- Michael LeizermanThe Law Firm for Truck Safety Managing Partner | Toledo
In addition to being a partner at the Law Firm for Truck Safety, Michael Leizerman is the co-founder of the Academy of Truck Accident Attorneys (ATAA).
Michael and his wife and law partner, Rena Leizerman, authored the 4,000 page West/AAJ treatise, Litigating Truck Accident Cases. He was the First Chair of AAJ’s Trucking Litigation Group.
Michael is a Class A commercial driver’s license holder and is board-certified in truck accident law by the National Board of Trial Advocacy.
- Rena LeizermanThe Law Firm for Truck Safety | Ohio
Rena Leizerman concentrates her practice in trial and appellate litigation involving serious personal injury and wrongful death related to commercial motor vehicle collisions. She has successfully opposed Petitions for Certiorari to the United States Supreme Court, litigated numerous issues of first impression in courts across the country and obtained the first punitive damage verdict against a freight broker for negligent selection.
She also drafts and submits amicus curiae briefs on behalf of the Academy of Truck Accident Attorneys and consults with other advocacy organizations regarding amicus curiae submissions.
- Feb 22 2023
Litigating Broker Liability for Trucking Accident Injury Claims: Theories of Liability, Defenses, Preemption
Join The Law Firm for Truck Safety’s Rena Leizerman and Michael Leizerman as they discuss “Litigating Broker Liability for Trucking Accident Injury Claims: Theories of Liability, Defenses, Preemption” in a Strafford webinar on Wednesday 02/22.
This CLE course will examine the liability of freight brokers and shippers for injuries sustained in trucking accidents. The panel will discuss the prevailing theories of liability, including negligent hiring, selection, vicarious liability, and the statutory employment doctrine. They will also examine how brokers and shippers can mitigate risk and the various defenses to liability.
Negligent selection happens when a freight broker selects a carrier not competent to perform the work. A broker also can be held vicariously liable if it retains the right to control the motor carrier.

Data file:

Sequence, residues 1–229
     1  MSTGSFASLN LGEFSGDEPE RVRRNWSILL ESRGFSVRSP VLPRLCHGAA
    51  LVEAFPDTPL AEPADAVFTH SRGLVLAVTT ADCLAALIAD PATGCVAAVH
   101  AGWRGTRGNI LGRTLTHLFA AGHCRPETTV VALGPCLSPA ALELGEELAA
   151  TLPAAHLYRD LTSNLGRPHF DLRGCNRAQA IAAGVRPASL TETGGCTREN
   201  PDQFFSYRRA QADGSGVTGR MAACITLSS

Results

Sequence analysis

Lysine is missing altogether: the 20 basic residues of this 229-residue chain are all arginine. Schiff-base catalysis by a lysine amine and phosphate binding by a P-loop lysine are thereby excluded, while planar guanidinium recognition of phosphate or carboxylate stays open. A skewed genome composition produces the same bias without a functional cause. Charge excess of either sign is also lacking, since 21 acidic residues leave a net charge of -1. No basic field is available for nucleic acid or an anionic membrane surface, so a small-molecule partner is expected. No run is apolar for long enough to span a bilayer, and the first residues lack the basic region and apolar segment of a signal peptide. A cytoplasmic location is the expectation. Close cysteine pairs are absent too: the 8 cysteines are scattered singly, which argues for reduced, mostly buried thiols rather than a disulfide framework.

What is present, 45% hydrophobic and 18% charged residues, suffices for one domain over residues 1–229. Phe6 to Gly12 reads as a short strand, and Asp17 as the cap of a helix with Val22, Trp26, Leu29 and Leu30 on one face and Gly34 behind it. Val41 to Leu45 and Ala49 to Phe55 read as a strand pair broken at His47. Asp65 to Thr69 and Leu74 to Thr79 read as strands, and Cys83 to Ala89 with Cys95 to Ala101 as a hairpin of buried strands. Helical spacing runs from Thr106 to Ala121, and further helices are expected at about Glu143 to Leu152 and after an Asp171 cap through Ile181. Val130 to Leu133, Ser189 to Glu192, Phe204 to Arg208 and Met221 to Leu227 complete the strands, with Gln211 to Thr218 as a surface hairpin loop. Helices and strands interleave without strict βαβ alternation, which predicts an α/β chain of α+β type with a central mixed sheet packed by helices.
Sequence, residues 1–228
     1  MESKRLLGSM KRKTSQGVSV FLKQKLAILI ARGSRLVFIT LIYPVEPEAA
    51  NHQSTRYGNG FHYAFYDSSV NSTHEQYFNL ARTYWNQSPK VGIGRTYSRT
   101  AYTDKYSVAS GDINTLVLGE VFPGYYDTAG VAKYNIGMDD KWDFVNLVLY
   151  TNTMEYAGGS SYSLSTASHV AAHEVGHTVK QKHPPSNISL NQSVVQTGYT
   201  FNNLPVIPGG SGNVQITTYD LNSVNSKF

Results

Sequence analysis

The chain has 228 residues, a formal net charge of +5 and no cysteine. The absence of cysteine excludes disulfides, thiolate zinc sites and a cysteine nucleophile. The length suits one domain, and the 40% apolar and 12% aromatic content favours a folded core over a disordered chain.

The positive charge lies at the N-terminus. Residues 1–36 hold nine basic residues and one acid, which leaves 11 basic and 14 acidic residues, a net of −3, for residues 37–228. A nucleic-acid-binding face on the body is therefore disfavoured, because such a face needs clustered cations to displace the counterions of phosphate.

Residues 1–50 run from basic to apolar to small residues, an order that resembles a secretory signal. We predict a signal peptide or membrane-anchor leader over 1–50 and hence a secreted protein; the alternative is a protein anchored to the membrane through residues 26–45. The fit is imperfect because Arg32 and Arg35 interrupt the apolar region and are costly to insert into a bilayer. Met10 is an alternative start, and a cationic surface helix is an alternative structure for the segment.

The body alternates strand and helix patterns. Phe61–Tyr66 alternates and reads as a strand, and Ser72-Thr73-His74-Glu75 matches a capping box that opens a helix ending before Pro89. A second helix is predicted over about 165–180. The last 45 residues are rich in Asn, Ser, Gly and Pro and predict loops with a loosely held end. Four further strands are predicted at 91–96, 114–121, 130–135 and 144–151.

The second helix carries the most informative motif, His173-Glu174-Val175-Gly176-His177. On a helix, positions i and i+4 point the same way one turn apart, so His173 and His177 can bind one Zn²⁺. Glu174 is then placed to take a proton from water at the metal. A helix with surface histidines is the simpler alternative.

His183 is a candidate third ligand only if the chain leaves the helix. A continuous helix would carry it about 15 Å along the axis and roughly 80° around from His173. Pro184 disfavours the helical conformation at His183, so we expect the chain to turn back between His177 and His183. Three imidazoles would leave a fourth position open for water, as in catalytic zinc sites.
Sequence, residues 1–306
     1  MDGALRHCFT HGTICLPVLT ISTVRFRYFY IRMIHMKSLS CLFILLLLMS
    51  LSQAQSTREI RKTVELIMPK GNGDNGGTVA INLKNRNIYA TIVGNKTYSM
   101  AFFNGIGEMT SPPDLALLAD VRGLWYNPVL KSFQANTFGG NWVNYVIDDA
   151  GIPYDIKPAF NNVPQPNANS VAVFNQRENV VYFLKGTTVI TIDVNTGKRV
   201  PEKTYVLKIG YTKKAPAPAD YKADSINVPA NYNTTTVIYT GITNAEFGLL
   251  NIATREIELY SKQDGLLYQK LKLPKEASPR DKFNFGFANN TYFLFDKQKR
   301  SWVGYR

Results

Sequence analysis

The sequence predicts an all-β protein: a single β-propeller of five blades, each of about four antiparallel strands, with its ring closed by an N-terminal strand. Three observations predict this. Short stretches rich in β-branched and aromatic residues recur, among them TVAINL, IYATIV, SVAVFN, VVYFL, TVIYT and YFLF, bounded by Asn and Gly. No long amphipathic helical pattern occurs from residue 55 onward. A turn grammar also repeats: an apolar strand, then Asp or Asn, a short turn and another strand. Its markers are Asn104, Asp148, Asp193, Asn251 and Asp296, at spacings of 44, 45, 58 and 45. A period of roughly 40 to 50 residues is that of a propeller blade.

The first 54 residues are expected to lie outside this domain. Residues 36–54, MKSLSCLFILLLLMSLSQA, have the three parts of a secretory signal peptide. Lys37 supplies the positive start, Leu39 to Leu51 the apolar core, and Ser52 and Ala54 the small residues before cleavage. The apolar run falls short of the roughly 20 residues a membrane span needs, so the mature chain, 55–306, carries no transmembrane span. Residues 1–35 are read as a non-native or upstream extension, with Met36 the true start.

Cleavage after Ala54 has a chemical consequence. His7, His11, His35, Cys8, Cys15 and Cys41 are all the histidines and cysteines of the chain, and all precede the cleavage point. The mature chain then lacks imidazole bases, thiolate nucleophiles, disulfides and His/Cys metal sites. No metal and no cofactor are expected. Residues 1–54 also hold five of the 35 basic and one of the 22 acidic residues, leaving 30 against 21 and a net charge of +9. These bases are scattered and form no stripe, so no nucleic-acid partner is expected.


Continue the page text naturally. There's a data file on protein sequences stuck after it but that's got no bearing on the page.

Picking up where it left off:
Some brokers argue that checking that a motor carrier has operating authority with the Federal Motor Carrier Safety Administration (FMCSA) is sufficient. Other brokers and courts, however, acknowledge the duty to exercise reasonable care, which could include checking safety data, crash history, and other indicators of a carrier’s fitness and safety.
In addition, some brokers argue that the Federal Aviation Administration Authorization Act (FAAAA) preempts these types of claims. The only federal circuit court to rule on the issue has held that the safety exception to the FAAAA preemption provision saves the claims. Most federal courts to consider the issue agree and conclude that the claims are not preemption. But a handful of courts have adopted the brokers’ position.
Listen as this experienced panel guides counsel through making the case against brokers and shippers.
- Overview of property (cargo) brokering
- Property (cargo) broker liability theories
- Key discovery/docs in broker cases
- How transportation indemnity agreements impact trucking cases
- Preemption issues
- What is a freight broker?
- What regulations apply to freight brokers?
- What theories of liability are available against brokers?
- Is the liability risk increased or decreased when a broker uses third-party software to monitor safety?
- What is the status of the FAAAA preemption defense?
- How do you prove your case?
- What practical strategies are available?
- How do you try a broker liability case?